Scientific Forecaster Discussion
Area forecast discussion
National Weather Service Charleston SC
150 PM EDT Thursday Jul 2 2015
Atlantic high pressure will prevail as a trough of low pressure
lingers inland through the middle of next week.
Near term /through tonight/...
this afternoon and evening...a broad middle level trough of low pressure
will expand over much of the eastern Continental U.S. With a series of 500 mb
shortwaves that round its southern base over the southeastern United
States. At the surface...the area will remain between a Piedmont trough
inland and high pressure over the western Atlantic. The setup will
favor a west/southwest flow that builds deep moisture to the area
with precipitable waters characterized around 2.0 inches this afternoon. These
moisture levels along with forcing along the base of the low
pressure trough centered to our north will favor a period of showers
and thunderstorms over much of the area this afternoon and evening.
The bulk of precipitation activity should come in two rounds...the first
being associated with a seabreeze along the southeast South Carolina
and southeast Georgia coastline early this afternoon. Thunderstorms
should remain pulse type in nature for the next couple hours...but
could produce isolated strong and/or damaging wind gusts. The second
round of precipitation will likely be associated with a 500 mb shortwave that
shifts over the area later this afternoon into the evening. Expect
precipitation coverage and intensity to peak while this shortwave begins
to shift over the area late afternoon into the evening. A few of
the hires models suggest activity will be in the form of a line of
showers and thunderstorms that push eastward into the area during
middle/late afternoon through evening hours. Sbcapes ranging between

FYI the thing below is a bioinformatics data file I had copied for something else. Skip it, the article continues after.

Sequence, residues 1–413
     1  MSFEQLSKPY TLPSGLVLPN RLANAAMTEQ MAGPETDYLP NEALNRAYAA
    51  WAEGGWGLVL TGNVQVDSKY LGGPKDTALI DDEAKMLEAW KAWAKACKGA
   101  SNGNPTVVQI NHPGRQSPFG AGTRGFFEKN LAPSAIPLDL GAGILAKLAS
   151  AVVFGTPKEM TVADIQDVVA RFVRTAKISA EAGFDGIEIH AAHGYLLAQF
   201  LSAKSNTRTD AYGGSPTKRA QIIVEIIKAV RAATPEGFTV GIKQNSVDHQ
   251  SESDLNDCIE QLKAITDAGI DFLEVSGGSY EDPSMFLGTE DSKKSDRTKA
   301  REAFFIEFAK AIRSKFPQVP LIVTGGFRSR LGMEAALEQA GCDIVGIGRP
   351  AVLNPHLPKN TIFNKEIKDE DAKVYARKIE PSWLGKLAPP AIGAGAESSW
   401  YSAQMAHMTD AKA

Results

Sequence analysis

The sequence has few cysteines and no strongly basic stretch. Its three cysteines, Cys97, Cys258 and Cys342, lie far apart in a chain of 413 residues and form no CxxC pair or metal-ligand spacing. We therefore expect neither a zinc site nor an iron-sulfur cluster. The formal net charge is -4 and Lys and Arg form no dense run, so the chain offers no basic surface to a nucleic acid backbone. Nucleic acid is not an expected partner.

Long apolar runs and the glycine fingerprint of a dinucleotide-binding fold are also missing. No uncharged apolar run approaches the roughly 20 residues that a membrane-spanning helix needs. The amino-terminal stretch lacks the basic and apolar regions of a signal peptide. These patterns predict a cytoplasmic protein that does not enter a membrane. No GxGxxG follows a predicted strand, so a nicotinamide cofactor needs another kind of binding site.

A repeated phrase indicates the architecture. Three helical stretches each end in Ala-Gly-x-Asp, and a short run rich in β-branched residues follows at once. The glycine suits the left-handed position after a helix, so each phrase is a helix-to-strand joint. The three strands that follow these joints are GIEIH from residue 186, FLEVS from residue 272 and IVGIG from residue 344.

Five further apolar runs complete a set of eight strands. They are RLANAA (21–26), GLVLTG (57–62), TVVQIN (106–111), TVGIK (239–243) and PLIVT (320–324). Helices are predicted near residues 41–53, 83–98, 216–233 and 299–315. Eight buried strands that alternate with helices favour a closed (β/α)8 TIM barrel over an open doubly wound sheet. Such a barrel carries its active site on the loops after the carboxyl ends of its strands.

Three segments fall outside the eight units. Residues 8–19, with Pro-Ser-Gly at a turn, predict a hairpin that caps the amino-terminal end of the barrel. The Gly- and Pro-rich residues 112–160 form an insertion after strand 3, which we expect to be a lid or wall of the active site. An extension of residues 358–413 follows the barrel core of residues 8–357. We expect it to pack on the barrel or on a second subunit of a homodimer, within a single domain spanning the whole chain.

1500-2000 j/kg along with 20-30 knots low level winds will support some
stronger and/or severe thunderstorms later this afternoon into the
evening...especially when activity encounters the seabreeze. The
main threat associated with these strong or severe thunderstorms
will be damaging wind gusts.
Tonight...convection will linger late this evening...but should
gradually taper off from west to east with the loss of daytime
heating early tonight. Low temperatures will range in the low to middle 70s.
Short term /Friday through Sunday/...
Friday and Friday night...a broad upper level trough will persist
aloft...while at the surface Atlantic high pressure will prevail as
a Piedmont trough lingers just inland. The resulting deep southwest
flow will allow abundant moisture to advect into the region...with
precipitable water values rising to just above 2 inches. The
moisture combined with short wave energy aloft rounding the base of
the upper trough will be more than sufficient to generate showers
and thunderstorms across the area. The coverage should be best
across the Charleston tri-County area due to its closer proximity to
the Piedmont trough and greater energy aloft...with the forecast
reflecting showers and thunderstorms likely here...with a diminishing
chance farther south into southeast Georgia. The chance for showers
and thunderstorms will persist well into the evening...before
diminishing overnight. There is the potential for some of the
thunderstorms to become strong or severe...especially if any
organization can occur...with the primary threat being damaging
winds. Highs should be in the lower 90s with lows in the lower to
middle 70s inland from the immediate coast.